Brendan’s story tells us what life after relapse is like. In 2017, Brendan entered The Lakehouse Recovery Center. It was his second stay, atypical for the Lakehouse as our objective is for clients to leave our care and never have to return. Usually, we feel that it is unhelpful to readmit a resident, for that individual is not necessarily going to receive new resources, or tools, or experience the second time around. We take the intake process very seriously, but knowing when someone is really ready to change is far from an exact science. There are many factors to weigh and intuition plays its part.
THE BUILDING BLOCKS OF RELAPSE
By his own account, during Brendan’s first stay with us, he had learned everything he would need to know in order for him to maintain his sobriety. And yet after leaving our care and on his own for a while — he grew confident he had conquered his addiction and stopped using those the tools. And he relapsed!
REHAB RE-DUX: THE ALCHEMY OF RECOVERY
The good news is that Brandan, feeling confident he knew why he stumbled, wished to return to a nurturing environment filled with people with whom he had already formed trusting bonds. And so he returned to the Lakehouse Recovery Center and began again. When Brendan readmitted, his steadfast focus was on turning his relapse into the most valuable thing that had ever happened to him. And he did this by digging deeper than he ever had before; Brandon transformed his failure into a positive growth opportunity that would change and ultimately save his life.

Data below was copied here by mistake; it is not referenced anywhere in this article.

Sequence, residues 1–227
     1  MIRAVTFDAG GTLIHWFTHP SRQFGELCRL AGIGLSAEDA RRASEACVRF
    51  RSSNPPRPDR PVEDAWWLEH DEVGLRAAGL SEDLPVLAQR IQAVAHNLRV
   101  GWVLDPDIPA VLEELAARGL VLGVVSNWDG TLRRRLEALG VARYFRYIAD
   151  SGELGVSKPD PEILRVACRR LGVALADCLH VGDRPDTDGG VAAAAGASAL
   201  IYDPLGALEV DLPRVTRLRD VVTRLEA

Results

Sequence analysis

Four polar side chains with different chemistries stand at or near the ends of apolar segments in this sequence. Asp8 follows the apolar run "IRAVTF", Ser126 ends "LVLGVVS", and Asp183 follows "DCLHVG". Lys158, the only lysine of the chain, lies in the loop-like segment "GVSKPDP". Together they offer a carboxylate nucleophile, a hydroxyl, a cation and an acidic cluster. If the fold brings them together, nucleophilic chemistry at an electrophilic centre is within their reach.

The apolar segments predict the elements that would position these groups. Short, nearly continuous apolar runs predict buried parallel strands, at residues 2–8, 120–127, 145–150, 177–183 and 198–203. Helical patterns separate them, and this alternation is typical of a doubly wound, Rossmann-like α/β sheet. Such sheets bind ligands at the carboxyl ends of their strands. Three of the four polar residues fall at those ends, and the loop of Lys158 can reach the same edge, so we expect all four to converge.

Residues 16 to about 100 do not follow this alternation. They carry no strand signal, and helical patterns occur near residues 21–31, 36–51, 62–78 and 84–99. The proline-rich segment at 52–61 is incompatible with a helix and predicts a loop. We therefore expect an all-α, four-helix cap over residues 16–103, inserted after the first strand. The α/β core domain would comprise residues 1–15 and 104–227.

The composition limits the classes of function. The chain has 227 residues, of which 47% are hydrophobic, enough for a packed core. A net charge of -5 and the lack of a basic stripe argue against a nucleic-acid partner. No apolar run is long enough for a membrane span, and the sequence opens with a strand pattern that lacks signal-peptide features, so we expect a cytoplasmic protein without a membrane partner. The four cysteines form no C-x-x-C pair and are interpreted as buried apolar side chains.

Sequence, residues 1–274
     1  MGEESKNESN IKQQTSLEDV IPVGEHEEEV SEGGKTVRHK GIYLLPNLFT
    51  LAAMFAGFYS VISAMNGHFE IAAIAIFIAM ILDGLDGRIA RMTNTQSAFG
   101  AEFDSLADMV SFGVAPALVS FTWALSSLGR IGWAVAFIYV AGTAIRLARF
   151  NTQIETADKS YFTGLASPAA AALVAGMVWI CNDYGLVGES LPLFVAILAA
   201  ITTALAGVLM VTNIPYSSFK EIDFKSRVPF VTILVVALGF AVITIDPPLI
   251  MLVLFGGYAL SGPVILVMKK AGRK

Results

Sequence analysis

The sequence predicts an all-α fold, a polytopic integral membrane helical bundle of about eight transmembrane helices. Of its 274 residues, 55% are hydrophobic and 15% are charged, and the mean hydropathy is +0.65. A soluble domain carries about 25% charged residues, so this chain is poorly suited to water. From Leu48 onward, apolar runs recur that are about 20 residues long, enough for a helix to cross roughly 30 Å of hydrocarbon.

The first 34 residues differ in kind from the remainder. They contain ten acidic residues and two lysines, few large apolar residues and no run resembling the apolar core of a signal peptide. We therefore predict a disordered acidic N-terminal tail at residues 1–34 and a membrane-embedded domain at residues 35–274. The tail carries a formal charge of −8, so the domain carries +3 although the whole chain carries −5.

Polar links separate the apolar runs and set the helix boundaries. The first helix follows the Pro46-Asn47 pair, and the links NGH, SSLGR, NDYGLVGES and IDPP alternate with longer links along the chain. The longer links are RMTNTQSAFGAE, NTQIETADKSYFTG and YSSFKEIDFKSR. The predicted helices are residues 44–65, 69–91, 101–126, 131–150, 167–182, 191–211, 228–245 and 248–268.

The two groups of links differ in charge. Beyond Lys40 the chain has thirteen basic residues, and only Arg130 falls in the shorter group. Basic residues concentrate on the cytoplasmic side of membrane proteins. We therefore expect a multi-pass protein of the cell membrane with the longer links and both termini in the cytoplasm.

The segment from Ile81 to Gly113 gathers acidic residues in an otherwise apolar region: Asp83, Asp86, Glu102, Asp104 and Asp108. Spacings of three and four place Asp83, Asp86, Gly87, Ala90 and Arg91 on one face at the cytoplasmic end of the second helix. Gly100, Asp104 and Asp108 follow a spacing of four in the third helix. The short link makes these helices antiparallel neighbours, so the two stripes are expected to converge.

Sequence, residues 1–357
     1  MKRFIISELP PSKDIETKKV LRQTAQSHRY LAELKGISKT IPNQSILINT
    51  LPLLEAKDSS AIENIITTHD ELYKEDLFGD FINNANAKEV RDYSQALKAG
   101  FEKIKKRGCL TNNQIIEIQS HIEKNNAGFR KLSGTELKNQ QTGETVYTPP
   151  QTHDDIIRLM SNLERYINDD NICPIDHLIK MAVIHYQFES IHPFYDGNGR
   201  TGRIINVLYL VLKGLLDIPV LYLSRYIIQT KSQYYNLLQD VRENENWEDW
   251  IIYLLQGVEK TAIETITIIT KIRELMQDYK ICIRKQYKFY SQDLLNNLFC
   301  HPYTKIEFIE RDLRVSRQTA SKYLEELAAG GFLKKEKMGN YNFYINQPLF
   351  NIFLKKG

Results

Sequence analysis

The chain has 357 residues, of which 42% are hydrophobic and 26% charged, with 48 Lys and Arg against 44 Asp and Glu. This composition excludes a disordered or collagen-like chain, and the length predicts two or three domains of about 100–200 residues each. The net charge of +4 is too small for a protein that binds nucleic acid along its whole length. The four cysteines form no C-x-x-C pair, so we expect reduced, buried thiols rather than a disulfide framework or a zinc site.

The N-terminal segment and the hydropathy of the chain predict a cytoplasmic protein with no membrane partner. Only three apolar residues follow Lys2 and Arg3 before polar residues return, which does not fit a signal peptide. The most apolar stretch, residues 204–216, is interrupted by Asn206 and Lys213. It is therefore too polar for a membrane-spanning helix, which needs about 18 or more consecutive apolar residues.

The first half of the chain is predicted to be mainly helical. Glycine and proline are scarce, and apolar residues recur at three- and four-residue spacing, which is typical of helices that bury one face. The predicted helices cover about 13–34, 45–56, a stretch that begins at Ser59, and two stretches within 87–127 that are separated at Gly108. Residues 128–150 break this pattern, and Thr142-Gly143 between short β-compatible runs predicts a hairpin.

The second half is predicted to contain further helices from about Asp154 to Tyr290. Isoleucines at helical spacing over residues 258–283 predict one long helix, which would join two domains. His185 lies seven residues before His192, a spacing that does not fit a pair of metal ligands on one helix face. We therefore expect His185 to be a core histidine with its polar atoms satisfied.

THE LENSE OF LIFE
Often people talk about recovery as if it is not connected to other facets of life — “l have to focus on my recovery, I have to focus on finding a job, on family, on relationships, etc. In our experience, this is not true. Of course it does make perfect sense that recovery must come first, but it is far more accurate to say that recovery must become the lenses through which every aspect of life itself is viewed. In other words, one needs to look at work through the lenses of recovery. One needs to look at relationships through the lense of recovery, and so on. To begin to live a happy, purposeful, clean and sober life, recovery has to be everything, and not simply first. By finally accepting this principle, Brendan’s life has changed dramatically — for the better, as he continues to practice looking at everything in his life through the lense of recovery.